• LA says:

      Couldn’t agree more. The desensitization to cruelty towards animals starts young and it starts in the home.

    • Barbara Metzler says:

      Killing animals is definitely horrible and it always upsets me when State Wildlife Agencies push families to teach their children to kill. Apparently, the number of adult hunters is going down, so State Wildlife Agencies are frantic to draw children into killing defenseless animals. Revenues from the Pittman-Robertson ACT OF 1937 are distributed to the states for restoration of hunted animals
      and hunter recruitment. The more hunters a state has, the more dollars the
      state gets from Pittman-Robertson. So….states are trying for more horrible killers. When my grandson was 2 years old, he was so upset one day because he thought he stepped on an ant on the driveway. He obviously never wanted to be a hunter to kill anything.

    • Anne Barton says:

      Thank you Mr. Nagle! This is so true! Wildlife groups promote and encourage the killing of animals. The more the interest in hunting fades the more emphasis on bringing in young children. Many young children naturally identify with animals and have natural compassion. If we work at overriding this should we be surprised that we have created killers?

    • Karin McKenna says:

      State wildlife agencies teach their agents that children need to be indioctrinated to killing wilflife before age 10 – by a role model. Teachers, boyfriends, uncles, parents can convince young minds that killing is a natural progression towards adulthood. Agencies have even resorted to developing programs that match up “big brothers” that hunt to volunteer time with children of single parent homes. Emotional intelligence is key to successful life adaptation. Bonding with companion animals develops EQ in young children. HSUS can do much to develop the EQ factor in children. The materials HSUS provides schools is psychologically healthy. I hope that HSUS continues to work with schools and does not overlook the plight of wildlife in shrinking habitat. An emotionally stable child is a gift to all of us.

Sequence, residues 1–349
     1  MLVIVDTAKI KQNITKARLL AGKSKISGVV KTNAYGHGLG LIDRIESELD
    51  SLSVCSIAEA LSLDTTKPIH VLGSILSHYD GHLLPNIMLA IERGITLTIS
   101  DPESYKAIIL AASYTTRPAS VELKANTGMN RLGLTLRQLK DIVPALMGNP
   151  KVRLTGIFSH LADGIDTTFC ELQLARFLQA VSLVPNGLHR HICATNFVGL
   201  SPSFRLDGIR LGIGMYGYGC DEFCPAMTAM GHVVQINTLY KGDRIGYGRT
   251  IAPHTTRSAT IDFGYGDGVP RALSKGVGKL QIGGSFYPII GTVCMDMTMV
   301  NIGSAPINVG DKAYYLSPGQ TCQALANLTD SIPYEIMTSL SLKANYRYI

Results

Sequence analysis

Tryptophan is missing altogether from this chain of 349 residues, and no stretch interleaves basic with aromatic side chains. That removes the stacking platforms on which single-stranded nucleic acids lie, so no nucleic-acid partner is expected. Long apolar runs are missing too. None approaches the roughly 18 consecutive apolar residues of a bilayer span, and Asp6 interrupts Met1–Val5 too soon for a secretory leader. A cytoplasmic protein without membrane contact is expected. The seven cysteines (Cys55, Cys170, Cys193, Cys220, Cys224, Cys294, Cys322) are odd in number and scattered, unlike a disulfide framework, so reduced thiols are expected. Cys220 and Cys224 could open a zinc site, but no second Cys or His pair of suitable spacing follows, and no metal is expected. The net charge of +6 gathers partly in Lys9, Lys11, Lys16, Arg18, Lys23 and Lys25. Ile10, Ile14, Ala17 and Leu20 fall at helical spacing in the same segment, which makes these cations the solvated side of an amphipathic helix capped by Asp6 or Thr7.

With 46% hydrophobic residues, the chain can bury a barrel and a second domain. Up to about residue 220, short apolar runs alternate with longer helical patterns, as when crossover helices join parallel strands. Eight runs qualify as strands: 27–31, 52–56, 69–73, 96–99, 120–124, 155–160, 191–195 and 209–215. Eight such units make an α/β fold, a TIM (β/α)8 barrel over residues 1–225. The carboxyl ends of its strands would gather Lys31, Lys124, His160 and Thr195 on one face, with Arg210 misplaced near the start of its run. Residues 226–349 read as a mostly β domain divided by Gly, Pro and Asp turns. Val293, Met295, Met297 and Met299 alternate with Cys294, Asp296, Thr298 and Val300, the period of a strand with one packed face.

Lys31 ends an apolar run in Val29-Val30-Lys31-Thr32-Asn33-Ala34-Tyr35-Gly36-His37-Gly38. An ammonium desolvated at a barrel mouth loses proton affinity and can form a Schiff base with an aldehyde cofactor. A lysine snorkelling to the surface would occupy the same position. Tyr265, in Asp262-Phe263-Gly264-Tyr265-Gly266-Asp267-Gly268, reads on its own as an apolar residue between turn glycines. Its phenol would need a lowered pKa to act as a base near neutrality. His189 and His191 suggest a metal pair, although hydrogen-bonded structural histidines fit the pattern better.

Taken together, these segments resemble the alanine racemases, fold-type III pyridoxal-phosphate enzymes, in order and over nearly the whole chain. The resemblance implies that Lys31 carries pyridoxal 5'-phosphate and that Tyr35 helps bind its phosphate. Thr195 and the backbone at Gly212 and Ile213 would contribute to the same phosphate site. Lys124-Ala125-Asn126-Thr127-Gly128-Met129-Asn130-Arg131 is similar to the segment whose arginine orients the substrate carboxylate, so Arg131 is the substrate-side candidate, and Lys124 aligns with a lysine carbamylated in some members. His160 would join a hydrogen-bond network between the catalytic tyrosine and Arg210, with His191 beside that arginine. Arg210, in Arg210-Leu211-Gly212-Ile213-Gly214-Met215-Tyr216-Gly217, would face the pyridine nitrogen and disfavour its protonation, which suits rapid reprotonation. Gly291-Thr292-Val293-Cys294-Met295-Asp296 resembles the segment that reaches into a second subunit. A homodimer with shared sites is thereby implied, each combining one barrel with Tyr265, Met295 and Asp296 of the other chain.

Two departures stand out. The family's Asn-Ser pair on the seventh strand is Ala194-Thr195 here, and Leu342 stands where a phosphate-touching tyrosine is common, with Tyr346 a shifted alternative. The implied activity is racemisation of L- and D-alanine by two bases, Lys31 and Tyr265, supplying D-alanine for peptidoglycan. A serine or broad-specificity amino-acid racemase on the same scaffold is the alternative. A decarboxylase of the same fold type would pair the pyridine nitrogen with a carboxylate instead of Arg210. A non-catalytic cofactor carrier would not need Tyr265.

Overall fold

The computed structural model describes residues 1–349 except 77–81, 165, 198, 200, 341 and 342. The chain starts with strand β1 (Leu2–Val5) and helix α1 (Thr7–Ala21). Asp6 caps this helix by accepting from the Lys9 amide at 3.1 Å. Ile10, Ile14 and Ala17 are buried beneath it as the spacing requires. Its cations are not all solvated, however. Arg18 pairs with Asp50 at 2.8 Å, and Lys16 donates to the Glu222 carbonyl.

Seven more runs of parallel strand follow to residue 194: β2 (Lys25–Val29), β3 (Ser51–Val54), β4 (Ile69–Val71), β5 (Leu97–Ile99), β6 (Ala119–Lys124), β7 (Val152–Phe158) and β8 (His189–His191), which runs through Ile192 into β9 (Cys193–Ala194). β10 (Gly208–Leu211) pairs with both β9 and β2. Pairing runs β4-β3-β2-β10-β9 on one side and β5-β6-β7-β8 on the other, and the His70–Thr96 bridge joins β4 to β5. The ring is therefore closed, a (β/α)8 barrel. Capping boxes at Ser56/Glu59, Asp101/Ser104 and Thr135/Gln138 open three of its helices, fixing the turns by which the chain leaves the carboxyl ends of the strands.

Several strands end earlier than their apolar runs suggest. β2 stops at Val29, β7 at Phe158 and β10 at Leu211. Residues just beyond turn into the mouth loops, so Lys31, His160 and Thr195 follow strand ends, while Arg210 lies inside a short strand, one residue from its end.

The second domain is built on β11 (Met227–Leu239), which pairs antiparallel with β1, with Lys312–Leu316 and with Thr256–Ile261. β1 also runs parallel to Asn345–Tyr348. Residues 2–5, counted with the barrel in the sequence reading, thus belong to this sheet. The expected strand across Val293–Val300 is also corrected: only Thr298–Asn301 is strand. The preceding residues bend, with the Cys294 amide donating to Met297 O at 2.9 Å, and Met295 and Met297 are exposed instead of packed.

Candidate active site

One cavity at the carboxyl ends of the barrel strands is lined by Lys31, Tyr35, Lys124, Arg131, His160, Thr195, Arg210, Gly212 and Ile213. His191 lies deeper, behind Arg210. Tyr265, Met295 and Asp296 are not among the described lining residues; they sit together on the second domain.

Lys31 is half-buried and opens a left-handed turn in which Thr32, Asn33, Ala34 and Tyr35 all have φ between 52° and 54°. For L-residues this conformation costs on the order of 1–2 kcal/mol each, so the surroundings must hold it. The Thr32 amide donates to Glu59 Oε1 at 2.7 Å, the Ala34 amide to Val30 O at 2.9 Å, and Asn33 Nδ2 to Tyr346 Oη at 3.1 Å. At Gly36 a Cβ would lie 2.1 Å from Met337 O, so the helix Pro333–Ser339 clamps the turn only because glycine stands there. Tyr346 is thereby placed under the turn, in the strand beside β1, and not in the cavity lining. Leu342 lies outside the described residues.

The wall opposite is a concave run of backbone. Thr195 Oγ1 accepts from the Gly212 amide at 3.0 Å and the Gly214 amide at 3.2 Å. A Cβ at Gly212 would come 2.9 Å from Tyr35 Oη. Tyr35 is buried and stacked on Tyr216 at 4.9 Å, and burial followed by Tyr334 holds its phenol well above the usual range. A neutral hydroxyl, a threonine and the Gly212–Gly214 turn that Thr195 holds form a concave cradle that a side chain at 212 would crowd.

• Zandra says:

      I suppose you never ate meat that was “killed” or is it only ok to eat meat that is killed at a slaughter house. How is teaching children to treat each gun as if it was loaded, always be aware of where it is pointed (never point a barrel at someone) and to keep thier fingers off of the trigger unles they are taking a shot. They are taught to only make ethical shots and abide by all the laws. Poeple make thier own choices just like you chose to point the blame at a program educating in hunters in saftey. It takes a sick evil individual to take someone’s life how dare you point fingers at children who are being taught to respect guns and provide food for thier families. You better believe they are proud of thier kills, they aren’t out shooting animals just massacre them because they are malicious. They dont wish for the animal to suffer. They put in hard work, provide food, and have nothing but respect for the hunt.

      • Dazeera Mourad says:


      • George Nagle says:

        Zandra, my comment had nothing to do with teaching gun safety, but in teaching children to kill, and the psychological damage that it does to them, and the fact that a large percentage of school shooters are young hunters, i.e. children who were taught to kill and desensitized to killing. Those are facts that should prompt an investigation into the cause and effect of teaching children to hunt and kill, and school shootings.